25. Hughes W.O.H., Oldroyd B.P., Beekman M. and Ratnieks F.L.W. 2008. Ancestral monogamy shows kin selection is key to the evolution of eusociality. Science 320: 1213–1216PubMedCrossRefGoogle Scholar
  26. Hunt G.J. and Page R.E. 1995. Linkage map of the honey-bee, Apis mellifera, based on RAPD markers. Genetics 139: 1371–1382PubMedGoogle Scholar
  27. Kawakita A., Ascher J.S., Sota T., Kato M. and Roubik D.W. 2008. Phylogenetic analysis of the corbiculate bee tribes based on 12 nuclear protein-coding genes (Hymenoptera: Apoidea: Apidae). Apidologie 39: 163–175CrossRefGoogle Scholar
  28. Kimsey L.S. 1980. The behaviour of male orchid bees (Apidae, Hymenoptera, Insecta) and the question of leks. Anim. Behav. 28: 996–1004CrossRefGoogle Scholar
  29. Michener C.D. 1974. The Social Behavior of the Bees: a Comparative Study. Belknap Press of Harvard University Press, Cambridge. 404 ppGoogle Scholar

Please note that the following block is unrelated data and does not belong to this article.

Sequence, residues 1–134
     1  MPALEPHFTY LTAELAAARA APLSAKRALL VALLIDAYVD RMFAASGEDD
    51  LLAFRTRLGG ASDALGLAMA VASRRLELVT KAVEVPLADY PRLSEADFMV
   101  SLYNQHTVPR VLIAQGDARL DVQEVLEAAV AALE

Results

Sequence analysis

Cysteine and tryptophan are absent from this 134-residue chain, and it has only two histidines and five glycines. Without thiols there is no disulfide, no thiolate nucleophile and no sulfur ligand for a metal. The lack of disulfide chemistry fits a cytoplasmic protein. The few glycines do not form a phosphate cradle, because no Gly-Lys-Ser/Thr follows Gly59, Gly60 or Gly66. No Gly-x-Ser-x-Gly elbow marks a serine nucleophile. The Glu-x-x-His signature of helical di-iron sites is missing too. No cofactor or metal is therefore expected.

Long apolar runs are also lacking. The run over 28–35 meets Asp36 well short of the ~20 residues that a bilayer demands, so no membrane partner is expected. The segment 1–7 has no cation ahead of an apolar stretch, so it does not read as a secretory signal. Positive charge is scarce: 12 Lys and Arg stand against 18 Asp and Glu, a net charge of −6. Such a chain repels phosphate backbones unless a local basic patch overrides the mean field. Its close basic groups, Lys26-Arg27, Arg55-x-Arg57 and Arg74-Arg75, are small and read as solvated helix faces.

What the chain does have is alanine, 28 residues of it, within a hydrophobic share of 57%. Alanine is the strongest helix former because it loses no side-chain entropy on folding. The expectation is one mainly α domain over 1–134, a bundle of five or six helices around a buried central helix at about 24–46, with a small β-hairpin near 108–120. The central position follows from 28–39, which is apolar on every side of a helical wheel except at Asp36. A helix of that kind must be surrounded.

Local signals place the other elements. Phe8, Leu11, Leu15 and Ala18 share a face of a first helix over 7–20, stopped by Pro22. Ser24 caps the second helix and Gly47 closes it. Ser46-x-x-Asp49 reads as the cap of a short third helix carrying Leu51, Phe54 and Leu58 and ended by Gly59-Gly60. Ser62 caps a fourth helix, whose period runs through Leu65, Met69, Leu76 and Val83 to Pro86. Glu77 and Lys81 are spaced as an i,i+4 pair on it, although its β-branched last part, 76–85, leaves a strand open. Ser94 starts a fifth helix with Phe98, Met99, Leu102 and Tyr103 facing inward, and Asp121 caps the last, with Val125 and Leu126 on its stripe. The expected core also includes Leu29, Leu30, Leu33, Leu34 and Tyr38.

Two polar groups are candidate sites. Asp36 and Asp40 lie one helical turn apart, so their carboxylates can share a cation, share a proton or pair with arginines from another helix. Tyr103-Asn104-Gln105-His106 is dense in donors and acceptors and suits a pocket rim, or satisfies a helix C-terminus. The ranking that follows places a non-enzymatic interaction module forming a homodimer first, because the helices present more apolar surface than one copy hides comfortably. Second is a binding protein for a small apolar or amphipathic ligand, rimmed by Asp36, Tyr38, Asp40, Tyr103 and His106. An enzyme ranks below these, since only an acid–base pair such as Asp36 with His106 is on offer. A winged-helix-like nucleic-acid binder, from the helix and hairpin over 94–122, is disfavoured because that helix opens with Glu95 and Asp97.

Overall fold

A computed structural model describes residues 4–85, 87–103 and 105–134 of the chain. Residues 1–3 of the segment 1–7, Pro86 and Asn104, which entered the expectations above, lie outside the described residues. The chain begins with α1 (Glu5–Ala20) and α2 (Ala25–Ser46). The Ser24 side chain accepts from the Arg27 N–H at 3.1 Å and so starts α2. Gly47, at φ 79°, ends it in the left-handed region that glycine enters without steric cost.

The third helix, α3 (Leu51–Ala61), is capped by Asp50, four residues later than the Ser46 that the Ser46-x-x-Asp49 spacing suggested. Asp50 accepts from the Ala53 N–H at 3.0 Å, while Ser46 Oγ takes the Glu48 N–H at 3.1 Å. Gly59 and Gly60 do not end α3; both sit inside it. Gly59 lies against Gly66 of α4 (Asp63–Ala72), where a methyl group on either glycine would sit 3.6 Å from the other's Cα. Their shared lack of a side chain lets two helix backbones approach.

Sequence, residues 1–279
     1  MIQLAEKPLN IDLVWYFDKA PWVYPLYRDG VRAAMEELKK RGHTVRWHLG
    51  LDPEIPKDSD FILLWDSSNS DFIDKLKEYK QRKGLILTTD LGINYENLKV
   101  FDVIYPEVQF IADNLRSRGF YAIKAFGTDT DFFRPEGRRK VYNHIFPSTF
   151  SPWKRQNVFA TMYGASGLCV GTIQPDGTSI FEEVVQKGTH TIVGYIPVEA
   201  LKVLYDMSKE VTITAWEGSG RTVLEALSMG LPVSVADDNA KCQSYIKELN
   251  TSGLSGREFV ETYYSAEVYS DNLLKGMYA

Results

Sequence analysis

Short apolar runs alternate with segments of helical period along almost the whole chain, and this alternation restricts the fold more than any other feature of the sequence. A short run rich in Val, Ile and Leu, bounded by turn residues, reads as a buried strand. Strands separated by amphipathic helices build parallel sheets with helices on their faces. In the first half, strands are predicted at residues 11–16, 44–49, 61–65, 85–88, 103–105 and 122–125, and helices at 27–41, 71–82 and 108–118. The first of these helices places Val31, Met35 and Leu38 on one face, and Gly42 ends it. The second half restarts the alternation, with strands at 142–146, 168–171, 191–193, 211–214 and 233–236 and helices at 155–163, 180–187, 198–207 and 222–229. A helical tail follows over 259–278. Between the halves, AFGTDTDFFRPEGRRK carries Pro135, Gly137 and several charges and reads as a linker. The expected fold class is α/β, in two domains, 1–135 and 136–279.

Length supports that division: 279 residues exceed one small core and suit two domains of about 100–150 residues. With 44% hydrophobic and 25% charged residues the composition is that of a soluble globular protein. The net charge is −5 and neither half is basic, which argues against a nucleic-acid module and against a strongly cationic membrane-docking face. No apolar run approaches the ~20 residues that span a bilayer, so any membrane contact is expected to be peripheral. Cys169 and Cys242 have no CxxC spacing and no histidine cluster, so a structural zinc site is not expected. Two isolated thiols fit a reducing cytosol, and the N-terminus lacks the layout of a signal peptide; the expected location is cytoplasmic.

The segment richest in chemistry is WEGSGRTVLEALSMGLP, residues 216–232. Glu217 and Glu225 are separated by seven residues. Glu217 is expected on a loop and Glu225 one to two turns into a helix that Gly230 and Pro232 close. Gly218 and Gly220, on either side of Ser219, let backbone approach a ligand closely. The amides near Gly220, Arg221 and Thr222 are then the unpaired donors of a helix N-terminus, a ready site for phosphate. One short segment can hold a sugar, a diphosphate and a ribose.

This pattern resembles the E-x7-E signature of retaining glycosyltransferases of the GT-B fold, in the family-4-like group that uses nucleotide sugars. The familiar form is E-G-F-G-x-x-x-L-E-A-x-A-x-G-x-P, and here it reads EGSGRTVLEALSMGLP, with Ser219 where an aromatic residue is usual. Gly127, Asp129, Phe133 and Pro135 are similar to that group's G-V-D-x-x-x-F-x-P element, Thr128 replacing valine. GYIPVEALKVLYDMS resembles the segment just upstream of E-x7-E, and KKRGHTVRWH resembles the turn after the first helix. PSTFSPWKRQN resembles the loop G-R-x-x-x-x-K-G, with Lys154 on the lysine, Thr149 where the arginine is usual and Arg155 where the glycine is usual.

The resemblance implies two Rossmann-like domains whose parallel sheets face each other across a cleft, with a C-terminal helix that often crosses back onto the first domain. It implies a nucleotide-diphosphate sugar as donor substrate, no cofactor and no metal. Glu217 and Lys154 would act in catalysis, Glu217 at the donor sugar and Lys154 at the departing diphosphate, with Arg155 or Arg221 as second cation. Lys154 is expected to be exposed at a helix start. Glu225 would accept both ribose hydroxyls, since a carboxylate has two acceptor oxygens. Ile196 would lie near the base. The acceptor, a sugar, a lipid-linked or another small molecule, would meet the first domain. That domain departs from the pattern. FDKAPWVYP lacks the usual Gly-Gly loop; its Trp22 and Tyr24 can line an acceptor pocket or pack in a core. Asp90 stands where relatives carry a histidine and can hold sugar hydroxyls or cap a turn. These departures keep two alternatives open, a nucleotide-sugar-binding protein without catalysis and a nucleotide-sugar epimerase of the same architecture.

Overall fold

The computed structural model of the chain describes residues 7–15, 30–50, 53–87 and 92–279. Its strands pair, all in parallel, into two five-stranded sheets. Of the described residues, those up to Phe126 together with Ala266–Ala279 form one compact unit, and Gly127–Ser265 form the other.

30. Michener C.D. 2000. The Bees of the World. The Johns Hopkins University Press, Baltimore. 913 ppGoogle Scholar
  31. Otero J.T., Ulloa-Chacon P., Silverstone-Sopkin P. and Giray T. 2008. Group nesting and individual variation in behavior and physiology in the orchid bee Euglossa nigropilosa Moure (Hymenoptera, Apidae). Insect. Soc. 55: 320–328CrossRefGoogle Scholar
  32. Paxton R.J. 2005. Male mating behaviour and mating systems of bees: an overview. Apidologie 36: 145–156CrossRefGoogle Scholar
  33. Paxton R.J., Thoren P.A., Tengö J., Estoup A. and Pamilo P. 1996. Mating structure and nestmate relatedness in a communal bee, Andrena jacobi (Hymenoptera, Andrenidae), using microsatellites. Mol. Ecol. 5: 511–519PubMedCrossRefGoogle Scholar
  34. Paxton R.J., Zobel M.U., Steiner J. and Zillikens A. 2009. Microsatellite loci for Euglossa annectans (Hymenoptera: Apidae) and their variability in other orchid bees. Mol. Ecol. Resour. doi: 10.1111/j.1755-0998.2009.02612.x
  35. Queller D.C. and Strassmann J.E. 1998. Kin selection and social insects. Bioscience 48: 165–175CrossRefGoogle Scholar
  36. Raymond M. and Rousset F. 1995. Genepop (Version-1.2) - population-genetics software for exact tests and ecumenicism. J. Hered. 86: 248–249Google Scholar